Similarly in Buzak, supra, the issue was whether a defendant who knowingly made a false representation to obtain compensation under the Unemployment Compensation Law, violating 43 P.S. § 871, could be prosecuted for false pretenses under 18 P.S. § 4836 of the 1939 Penal Code. The Court answered the question in the negative, holding that the Unemployment Compensation Law provided a specific penal provision and, as such, was intended to cover exclusively situations of fraudulent procurement of unemployment compensation. "It seems more reasonable to believe that the legislature which enacted the . . . Unemployment Compensation Law intended to punish violators of that law by the penal provisions of that special legislation . . . rather than to subject such violators to criminal prosecution as a felon under the Penal Code." 197 Pa. Super. at 518, 179 A.2d at 250. And in Litman, the Court held that the special penalty clause of the Medical Act must apply to a prosecution rather than the general penal section of obtaining money by false pretenses, citing Brown, supra. See also, Commonwealth v. Bellis, 252 Pa. Super. 15, 380 A.2d 1258 (1977), rev'd. in part, 484 Pa. 486, 399 A.2d 397 (1979). We thus find that the crime of perjury, committed in the exercise of one's franchise privilege, must be prosecuted under 25 P.S. § 3502 and not under the Crimes Code. The lower court properly quashed Bill No. 2514.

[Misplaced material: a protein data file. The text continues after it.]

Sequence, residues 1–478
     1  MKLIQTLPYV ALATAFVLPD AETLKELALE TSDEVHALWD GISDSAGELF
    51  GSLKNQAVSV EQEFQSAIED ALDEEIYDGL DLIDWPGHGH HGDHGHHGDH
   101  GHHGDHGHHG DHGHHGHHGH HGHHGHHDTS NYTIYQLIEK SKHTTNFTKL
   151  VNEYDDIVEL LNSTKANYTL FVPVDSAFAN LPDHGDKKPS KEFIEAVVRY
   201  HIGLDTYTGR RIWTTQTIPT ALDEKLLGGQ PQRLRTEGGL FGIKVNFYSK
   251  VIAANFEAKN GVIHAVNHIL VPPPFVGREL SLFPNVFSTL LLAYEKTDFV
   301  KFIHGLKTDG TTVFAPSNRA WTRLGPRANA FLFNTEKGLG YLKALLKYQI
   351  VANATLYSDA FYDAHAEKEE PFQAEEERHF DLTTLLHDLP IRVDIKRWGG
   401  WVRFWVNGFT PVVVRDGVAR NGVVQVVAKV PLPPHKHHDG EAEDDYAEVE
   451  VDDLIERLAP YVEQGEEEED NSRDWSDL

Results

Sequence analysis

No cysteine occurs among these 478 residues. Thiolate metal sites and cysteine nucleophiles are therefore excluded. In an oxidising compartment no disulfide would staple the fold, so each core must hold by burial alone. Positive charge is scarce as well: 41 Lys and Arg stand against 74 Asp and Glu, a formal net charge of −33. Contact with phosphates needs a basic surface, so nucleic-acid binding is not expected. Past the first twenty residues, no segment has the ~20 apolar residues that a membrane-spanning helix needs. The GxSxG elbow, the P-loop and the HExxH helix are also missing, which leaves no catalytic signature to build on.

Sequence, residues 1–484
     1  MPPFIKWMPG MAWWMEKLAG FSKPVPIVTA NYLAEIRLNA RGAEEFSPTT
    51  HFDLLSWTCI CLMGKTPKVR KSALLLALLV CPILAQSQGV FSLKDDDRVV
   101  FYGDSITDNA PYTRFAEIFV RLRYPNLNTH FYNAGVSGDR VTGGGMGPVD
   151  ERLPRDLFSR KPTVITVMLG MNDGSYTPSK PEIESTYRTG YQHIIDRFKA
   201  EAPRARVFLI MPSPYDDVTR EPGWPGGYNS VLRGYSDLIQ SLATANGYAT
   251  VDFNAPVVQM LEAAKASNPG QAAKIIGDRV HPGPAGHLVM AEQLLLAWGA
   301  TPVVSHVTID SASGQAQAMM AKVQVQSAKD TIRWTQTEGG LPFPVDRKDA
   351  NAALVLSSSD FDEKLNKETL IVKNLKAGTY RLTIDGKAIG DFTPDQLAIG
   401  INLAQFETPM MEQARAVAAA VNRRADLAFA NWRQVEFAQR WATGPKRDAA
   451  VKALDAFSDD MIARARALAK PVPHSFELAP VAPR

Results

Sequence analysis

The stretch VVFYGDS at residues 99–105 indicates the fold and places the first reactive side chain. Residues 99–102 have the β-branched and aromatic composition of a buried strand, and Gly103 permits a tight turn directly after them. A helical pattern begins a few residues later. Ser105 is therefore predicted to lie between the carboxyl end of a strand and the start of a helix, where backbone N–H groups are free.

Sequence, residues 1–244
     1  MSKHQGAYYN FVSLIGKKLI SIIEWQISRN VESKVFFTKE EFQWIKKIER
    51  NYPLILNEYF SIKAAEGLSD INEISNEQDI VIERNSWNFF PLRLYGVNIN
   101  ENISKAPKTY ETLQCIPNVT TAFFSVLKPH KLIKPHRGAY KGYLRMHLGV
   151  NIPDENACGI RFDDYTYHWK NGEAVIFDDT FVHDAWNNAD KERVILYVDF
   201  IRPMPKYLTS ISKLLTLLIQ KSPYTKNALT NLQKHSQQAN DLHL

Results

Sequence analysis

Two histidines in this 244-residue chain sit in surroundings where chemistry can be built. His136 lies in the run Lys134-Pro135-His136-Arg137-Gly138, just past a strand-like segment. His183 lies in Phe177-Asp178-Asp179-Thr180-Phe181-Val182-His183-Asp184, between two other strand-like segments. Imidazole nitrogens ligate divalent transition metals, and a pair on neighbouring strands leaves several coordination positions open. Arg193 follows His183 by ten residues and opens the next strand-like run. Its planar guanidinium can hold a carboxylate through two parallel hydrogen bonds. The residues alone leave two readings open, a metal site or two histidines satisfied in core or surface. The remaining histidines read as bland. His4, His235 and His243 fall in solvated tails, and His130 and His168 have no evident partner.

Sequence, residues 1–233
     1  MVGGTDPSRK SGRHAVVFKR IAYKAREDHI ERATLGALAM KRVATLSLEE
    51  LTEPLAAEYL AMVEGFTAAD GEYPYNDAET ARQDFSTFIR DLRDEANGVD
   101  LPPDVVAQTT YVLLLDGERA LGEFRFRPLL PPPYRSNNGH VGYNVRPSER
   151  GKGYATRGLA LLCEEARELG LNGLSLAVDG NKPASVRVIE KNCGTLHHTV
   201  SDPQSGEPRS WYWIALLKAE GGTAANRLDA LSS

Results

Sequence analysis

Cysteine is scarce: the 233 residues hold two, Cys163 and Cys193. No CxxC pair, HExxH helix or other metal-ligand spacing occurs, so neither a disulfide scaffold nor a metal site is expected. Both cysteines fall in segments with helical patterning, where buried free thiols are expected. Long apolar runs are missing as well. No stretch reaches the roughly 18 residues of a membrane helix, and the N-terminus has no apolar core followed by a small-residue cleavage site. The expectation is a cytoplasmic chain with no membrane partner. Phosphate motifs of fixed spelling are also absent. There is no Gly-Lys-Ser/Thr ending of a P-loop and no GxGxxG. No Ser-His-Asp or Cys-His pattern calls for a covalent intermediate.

Following the election day hearing of 5/16/78, the court issued an order permitting appellee to vote, to which order appellee affixed his signature and address, 721 Ranstead St. In Bill of Information No. 2518, the Commonwealth charged appellee with making an unsworn falsification to authorities under the Crimes Code, 18 Pa.C.S.A. § 4904 for signing an allegedly false address to the court order. The lower court quashed this Bill finding that it did not constitute a separate and distinct crime from that alleged in No. 2514 (perjury in Election Court). In other words, the court held that verbally lying under oath as to

[ 282 Pa. Super. Page 109]

    one's address was the same crime as giving the false address on an election form and that these two counts must merge and cannot be charged as separate crimes, citing Commonwealth v. Davenport, 255 Pa. Super. 131, 386 A.2d 543 (1978). Whatever the merits of such a position, it is clear that the issue is moot since we have already sustained the court's holding that Bill No. 2514 was properly quashed. Since the Information charging perjury has been dismissed, there is no longer any issue as to multiplicity*fn6 of counts. Accordingly, we will reverse that portion of the court's order quashing Bill No. 2518.*fn7

In Bill of Information Nos. 2519 through 2523, the Commonwealth charged appellee with Unsworn Falsification

[ 282 Pa. Super. Page 110]